The Los Angeles Area Made2Manage User Group. This is a Google Group for users in the LA Area, and some of them use it since dropping M2M Support. This is a free service and the group members are very helpful, but the group still doesn’t have a lot of traffic anyway. Also, I don’t care for Google Groups (list groups in general) because of the way they process messages. Comments accumulate and get re-sent over and over again. For example, if Milton posts a question about the Purchasing screen the message goes out to the subscribers. If Sally responds, her message includes both hers and Milton’s. After three more people reply to his question, the messages get longer and longer and the signal to noise ratio becomes intolerable. However, I would like to mention again, that the users are good people and I’ve received assistance from several of them.

I’ll end this post with a poll. If someone creates and maintains a modern forum site for M2M and related technologies, how often would you participate?

How often would you participate?

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Pop Quiz

Dennis Hopper - Speed

Dennis Hopper - Speed

You get a frantic phone call at 3am on a Sunday. It’s your boss, and there’s been a fire. The server room, and perhaps the whole building, is still smoldering. He asks you the following questions:

  • Is our data safe?
  • Is it off site? Is it secure or on someone’s kitchen table?
  • When was the last time you checked the back up? You are checking them, right?
  • Are you sure you can restore the M2M files? You have been performing test restores, right?

There are many blog articles on the web about the importance of disaster recovery, and you’ve probably read a few of them. I won’t re-hash everything here, but do you have the answers to all of those questions? If not (and you value your job), stop reading this and address them immediately. I’ll wait….

Good! Now that the above are covered lets address some M2M specific issues.

  • Can you build your SQL Server and install everything without help? Servers seem to prefer to die on weekends, and M2M Support is not available late at night or on weekends and holidays.
  • Where is your software? Latest Service Packs? Software keys? At the bare minimum, a M2M server requires Windows Server, Visual FoxPro, SQL, and Made2Manage.
  • Do you have documentation handy with all of your M2M and other settings?
  • Do you have instructions ready to install all of your optional modules? Do you have the latest install files for them? I recommend keeping all of this (including the install files for everything) in electronic format with your back-ups if possible.

I remember watching a movie where special forces soldiers spent hours assembling and disassembling their rifles blindfolded. The point was that they became intimately familiar with their weapon and knew everything about it. Ultimately, this made them more effective soldiers.

Recently I wrote disaster recovery instructions for SQL Server, Made2Manage, and the associated modules for my current employer. One of my fellow employees performed the same process on a Domain Controller and Exchange Server. We then verified them by restoring everything from bare hardware, back-ups, and our instructions in an isolated room without access to the internet. Our manager also put us under stress by telling us our results were going to be public and that we had better not let him down.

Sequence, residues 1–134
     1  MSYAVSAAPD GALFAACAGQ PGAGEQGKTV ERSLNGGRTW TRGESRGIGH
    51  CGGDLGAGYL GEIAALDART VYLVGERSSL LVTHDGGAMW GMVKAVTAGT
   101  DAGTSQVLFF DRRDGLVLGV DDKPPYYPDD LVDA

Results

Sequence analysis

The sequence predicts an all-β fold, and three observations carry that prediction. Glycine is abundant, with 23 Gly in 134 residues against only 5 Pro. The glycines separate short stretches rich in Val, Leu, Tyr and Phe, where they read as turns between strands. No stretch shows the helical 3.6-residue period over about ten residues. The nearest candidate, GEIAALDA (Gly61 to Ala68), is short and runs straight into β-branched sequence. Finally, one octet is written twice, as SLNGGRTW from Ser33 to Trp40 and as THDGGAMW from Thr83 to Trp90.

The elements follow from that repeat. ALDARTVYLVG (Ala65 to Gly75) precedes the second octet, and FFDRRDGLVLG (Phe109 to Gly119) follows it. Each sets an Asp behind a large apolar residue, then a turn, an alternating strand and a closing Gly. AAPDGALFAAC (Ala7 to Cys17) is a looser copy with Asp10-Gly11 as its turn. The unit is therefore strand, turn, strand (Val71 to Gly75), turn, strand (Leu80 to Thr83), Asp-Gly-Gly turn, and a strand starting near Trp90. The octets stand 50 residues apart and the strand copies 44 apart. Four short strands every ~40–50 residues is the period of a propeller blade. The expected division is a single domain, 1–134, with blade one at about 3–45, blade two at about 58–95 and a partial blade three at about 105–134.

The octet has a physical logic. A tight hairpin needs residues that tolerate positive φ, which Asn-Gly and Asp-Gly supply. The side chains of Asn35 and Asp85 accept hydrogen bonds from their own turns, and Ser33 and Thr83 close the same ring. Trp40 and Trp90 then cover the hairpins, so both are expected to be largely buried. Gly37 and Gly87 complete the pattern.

Why a closed room and stress? It simulates a disaster. Can you be assured that you will have access to the internet in a disaster? Even if you could, would your boss want to wait while you download service packs? Since we had all of the files and had practiced, we built and tested our servers in less than 4 hours.

What are the benefits of a complete test?

  • To prove we could do it.
  • I learned exactly what makes M2M work.
  • I’m now confident that I can fix anything on that server.

Incidentally, with the exception of our database server, the rest of our servers are replicated in two other sites in the United States. In the near future, our SQL Server will be replicated the same way. So we should never actually be “under the gun” so to speak.

So Hotshot, what do you do?

The Terrorists Win

Professor Chaos - The Ultimate Terrorist

Professor Chaos - The Ultimate Terrorist

Recently the call went out for SQL Bloggers to submit their best work for the PASS Log Reader Awards. A few of the best SQL Bloggers got together and created this contest to inspire and encourage others to create top quality content.

I was encouraged to enter my Encyclopedia Brown Mystery posts I created and I did so. It’s not strictly SQL, so I entered it into the “Unusual Blog Post” category. I’ve always been seen as unusual anyway, so I figured I had a good shot to win.

The entry even got some good buzz around it on Twitter when SQL Chicken BlogTwitter raved about it.


So, I waited with baited breath for the results. I worked on an acceptance speech. Well, the winners were announced and ::heavy sigh::

I didn’t win.

When I read the post and didn’t see my name, I started to comment on Brent’s post, “I’m real happy for ya, and I’mma let you finish but the Encyclopedia Brown Post was one of the most unusual of all time!!!”